In this case we can be certain that the code we pass will be executed exactly as we intended.

But in this case:

void SomeMethod (Expression<Func<string,string>> exp)

We still pass the exact same snippet of code, but we can no longer be certain what will happen with the snipped of code we passed.
It MIGHT be executed the way we assume, but it might just as well be transformed into SQL code or even a Ruby snipped that is saved to disc and then executed in a Ruby engine.

So this is what I consider to be a huge difference between anonymous delegates and lambda expressions.

In the delegate case you can be 100% certain that the code will execute exactly as stated.
And in the lambda case, it might be executed outside of the .NET run-time in some completely different context.

Well, that’s all.

//Roger

Linq to objects for .NET 2 available


Patrik Löwendahl blogged about using C#3 features in .NET 2 via VS.NET 2008 a few days ago:
http://www.lowendahl.net/showShout.aspx?id=191

There are quite a few of the new features that works straight out of the box.
However, Linq does not, alot of the code that Linq uses is simply not present in the .NET 2 BCL.

So, inspired by Patriks post I opened up an old custom Linq engine that I wrote a while back and spiced it up and adapted it for .NET 2.
I also added a few of the standard list extensions such as “Take” “Skip” etc.

The code can be found here:
www.puzzleframework.com/Roger/LinqForNet2.zip

And before you get all excited, this is only Linq to objects, NOT Linq to SQL….

The code supports the following Linq constructs, features and list extensions:

  • from (ok ok, I didn’t have to code anything for that)
  • where
  • join
  • groupby
  • orderby
  • select
  • Take
  • Skip
  • TakeWhile
  • SkipWhile
  • Distinct
  • Deferred execution

Enjoy : – )

 //Roger

Linq Expressions – Creating objects


This post shows how you can use Linq expression trees to replace Activator.CreateInstance.

but first, please note that this is a followup on Oren’s post so read it before you read mine:
http://www.ayende.com/Blog/archive/2008/02/27/Creating-objects–Perf-implications.aspx

In C#3 we can use Linq expression trees to solve this problem to.
I’m not saying that it is a better or faster solution than Oren’s IL emit version.
The IL emit is completely optimized for what it is supposed to do, so its hard to beat.
This is just an alternative if you are a bit affraid of IL emit ;-), Linq expressions are just easier to understand for most people. 

So how is it done?
First we need a delegate declaration:

delegate T ObjectActivator<T>(params object[] args);

We will use this delegate in order to create our instances.
We also need a generator that can compile our delegates from expression trees:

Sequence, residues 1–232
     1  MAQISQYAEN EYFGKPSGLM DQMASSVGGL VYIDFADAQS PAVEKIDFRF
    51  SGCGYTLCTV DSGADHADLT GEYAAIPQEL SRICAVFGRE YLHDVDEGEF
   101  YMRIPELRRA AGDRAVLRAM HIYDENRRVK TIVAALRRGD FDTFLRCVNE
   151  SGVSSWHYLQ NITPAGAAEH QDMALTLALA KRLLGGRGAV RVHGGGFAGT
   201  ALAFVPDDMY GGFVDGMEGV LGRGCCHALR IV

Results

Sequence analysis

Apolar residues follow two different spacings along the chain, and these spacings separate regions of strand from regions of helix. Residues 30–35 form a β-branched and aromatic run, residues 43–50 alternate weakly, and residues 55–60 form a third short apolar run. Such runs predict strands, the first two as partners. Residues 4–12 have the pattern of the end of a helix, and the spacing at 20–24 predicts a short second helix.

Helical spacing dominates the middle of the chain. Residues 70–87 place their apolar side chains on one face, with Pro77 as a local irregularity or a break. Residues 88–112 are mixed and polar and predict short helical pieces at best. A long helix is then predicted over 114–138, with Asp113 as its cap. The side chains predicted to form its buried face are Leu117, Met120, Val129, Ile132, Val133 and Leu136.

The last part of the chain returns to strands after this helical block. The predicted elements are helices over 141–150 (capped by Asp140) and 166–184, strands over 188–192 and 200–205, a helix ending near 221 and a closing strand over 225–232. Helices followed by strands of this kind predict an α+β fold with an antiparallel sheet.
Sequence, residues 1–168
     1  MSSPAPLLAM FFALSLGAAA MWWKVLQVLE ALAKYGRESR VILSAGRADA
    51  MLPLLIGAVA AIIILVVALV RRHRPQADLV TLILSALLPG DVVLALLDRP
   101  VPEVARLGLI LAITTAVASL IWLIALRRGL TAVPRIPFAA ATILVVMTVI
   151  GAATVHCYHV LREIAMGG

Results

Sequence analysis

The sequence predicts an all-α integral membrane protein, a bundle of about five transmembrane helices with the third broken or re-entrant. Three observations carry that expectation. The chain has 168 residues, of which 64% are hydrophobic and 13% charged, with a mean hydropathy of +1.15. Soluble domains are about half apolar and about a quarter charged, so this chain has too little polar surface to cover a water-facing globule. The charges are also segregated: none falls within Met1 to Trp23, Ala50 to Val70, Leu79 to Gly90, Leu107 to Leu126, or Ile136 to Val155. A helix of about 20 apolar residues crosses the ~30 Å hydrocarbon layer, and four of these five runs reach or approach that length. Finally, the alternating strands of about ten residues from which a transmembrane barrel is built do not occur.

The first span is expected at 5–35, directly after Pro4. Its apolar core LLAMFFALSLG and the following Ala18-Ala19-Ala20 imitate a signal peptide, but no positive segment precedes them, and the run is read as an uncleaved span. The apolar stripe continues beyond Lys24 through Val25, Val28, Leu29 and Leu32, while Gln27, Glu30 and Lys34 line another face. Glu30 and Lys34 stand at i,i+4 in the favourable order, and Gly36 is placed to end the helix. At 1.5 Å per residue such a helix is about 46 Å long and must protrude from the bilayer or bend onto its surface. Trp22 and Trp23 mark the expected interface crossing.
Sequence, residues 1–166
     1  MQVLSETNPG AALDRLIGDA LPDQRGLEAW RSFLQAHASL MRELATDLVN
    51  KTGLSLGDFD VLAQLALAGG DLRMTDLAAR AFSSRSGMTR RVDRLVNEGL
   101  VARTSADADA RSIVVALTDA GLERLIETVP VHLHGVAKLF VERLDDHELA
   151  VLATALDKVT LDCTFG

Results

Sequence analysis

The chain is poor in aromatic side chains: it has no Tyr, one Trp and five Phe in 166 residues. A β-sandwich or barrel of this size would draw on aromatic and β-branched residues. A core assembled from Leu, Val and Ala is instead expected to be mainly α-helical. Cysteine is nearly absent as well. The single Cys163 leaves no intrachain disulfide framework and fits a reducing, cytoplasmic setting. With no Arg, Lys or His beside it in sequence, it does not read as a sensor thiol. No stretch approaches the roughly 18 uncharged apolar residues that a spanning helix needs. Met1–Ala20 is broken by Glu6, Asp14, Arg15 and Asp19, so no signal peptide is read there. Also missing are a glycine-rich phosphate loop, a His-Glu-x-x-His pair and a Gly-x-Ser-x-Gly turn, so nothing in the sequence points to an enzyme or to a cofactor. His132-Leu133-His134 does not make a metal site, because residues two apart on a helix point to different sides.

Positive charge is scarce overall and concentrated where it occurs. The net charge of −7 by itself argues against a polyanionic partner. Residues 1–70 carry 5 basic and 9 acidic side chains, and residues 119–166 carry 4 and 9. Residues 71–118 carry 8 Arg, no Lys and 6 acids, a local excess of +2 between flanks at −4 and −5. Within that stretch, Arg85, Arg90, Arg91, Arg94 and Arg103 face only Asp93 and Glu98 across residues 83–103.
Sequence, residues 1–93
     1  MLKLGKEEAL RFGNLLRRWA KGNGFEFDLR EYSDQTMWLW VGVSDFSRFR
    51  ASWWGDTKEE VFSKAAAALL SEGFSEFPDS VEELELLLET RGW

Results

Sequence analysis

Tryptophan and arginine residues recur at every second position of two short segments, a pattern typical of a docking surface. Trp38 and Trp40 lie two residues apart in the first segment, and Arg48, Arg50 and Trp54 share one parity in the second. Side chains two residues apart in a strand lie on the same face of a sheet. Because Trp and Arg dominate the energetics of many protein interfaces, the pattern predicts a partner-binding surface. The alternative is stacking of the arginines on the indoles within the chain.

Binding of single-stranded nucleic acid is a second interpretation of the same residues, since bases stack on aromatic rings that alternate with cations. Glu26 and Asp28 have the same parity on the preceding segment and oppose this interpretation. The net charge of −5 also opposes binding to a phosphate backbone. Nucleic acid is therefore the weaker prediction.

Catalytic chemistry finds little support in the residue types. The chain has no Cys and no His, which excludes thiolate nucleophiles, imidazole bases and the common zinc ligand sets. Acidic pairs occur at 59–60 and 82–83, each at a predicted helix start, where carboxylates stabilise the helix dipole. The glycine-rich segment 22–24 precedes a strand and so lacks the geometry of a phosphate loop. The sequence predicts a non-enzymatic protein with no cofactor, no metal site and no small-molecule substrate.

public static ObjectActivator<T> GetActivator<T>
    (ConstructorInfo ctor)
{
    Type type = ctor.DeclaringType;
    ParameterInfo[] paramsInfo = ctor.GetParameters();                  

    //create a single param of type object[]
    ParameterExpression param =
        Expression.Parameter(typeof(object[]), "args");
 
    Expression[] argsExp =
        new Expression[paramsInfo.Length];            

    //pick each arg from the params array 
    //and create a typed expression of them
    for (int i = 0; i < paramsInfo.Length; i++)
    {
        Expression index = Expression.Constant(i);
        Type paramType = paramsInfo[i].ParameterType;              

        Expression paramAccessorExp =
            Expression.ArrayIndex(param, index);              

        Expression paramCastExp =
            Expression.Convert (paramAccessorExp, paramType);              

        argsExp[i] = paramCastExp;
    }                  

    //make a NewExpression that calls the
    //ctor with the args we just created
    NewExpression newExp = Expression.New(ctor,argsExp);                  

    //create a lambda with the New
    //Expression as body and our param object[] as arg
    LambdaExpression lambda =
        Expression.Lambda(typeof(ObjectActivator<T>), newExp, param);              

    //compile it
    ObjectActivator<T> compiled = (ObjectActivator<T>)lambda.Compile();
    return compiled;
}

It’s a bit bloated but keep in mind that this version is completely dynamic and you can pass any constructor with any arguments to it.

Once we have the generator and the delegate in place, we can start creating instances with it:

ConstructorInfo ctor = typeof(Created).GetConstructors().First();
ObjectActivator<Created> createdActivator = GetActivator<Created>(ctor);
...
//create an instance:
Created instance = createdActivator (123, "Roger");

 And that’s it.
I haven’t done any benchmarking to compare it to Oren’s IL emit version, but I would guess that it is almost but not quite as fast.

Benchmark – Creating 1000 000 instances:

Activator.CreateInstance: 8.74 sec
Linq Expressions:         0.104 sec

My benchmarks is w/o the .ToString() stuff that is included in Oren’s post.. so don’t compare my numbers to his.. it’s done on a different machine too.

//Roger